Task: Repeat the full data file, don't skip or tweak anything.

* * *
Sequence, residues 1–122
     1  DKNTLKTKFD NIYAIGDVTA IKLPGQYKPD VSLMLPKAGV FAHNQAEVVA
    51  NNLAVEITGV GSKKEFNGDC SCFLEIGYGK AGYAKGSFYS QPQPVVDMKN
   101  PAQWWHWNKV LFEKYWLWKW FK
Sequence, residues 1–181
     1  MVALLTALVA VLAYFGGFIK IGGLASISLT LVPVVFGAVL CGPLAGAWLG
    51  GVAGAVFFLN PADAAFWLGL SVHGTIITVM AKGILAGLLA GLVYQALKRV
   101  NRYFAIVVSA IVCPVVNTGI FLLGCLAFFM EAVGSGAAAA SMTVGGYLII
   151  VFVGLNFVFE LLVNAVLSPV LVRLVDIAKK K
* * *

Sequence, residues 1–122
     1  DKNTLKTKFD NIYAIGDVTA IKLPGQYKPD VSLMLPKAGV FAHNQAEVVA
    51  NNLAVEITGV GSKKEFNGDC SCFLEIGYGK AGYAKGSFYS QPQPVVDMKN
   101  PAQWWHWNKV LFEKYWLWKW FK
Sequence, residues 1–181
     1  MVALLTALVA VLAYFGGFIK IGGLASISLT LVPVVFGAVL CGPLAGAWLG
    51  GVAGAVFFLN PADAAFWLGL SVHGTIITVM AKGILAGLLA GLVYQALKRV
   101  NRYFAIVVSA IVCPVVNTGI FLLGCLAFFM EAVGSGAAAA SMTVGGYLII
   151  VFVGLNFVFE LLVNAVLSPV LVRLVDIAKK K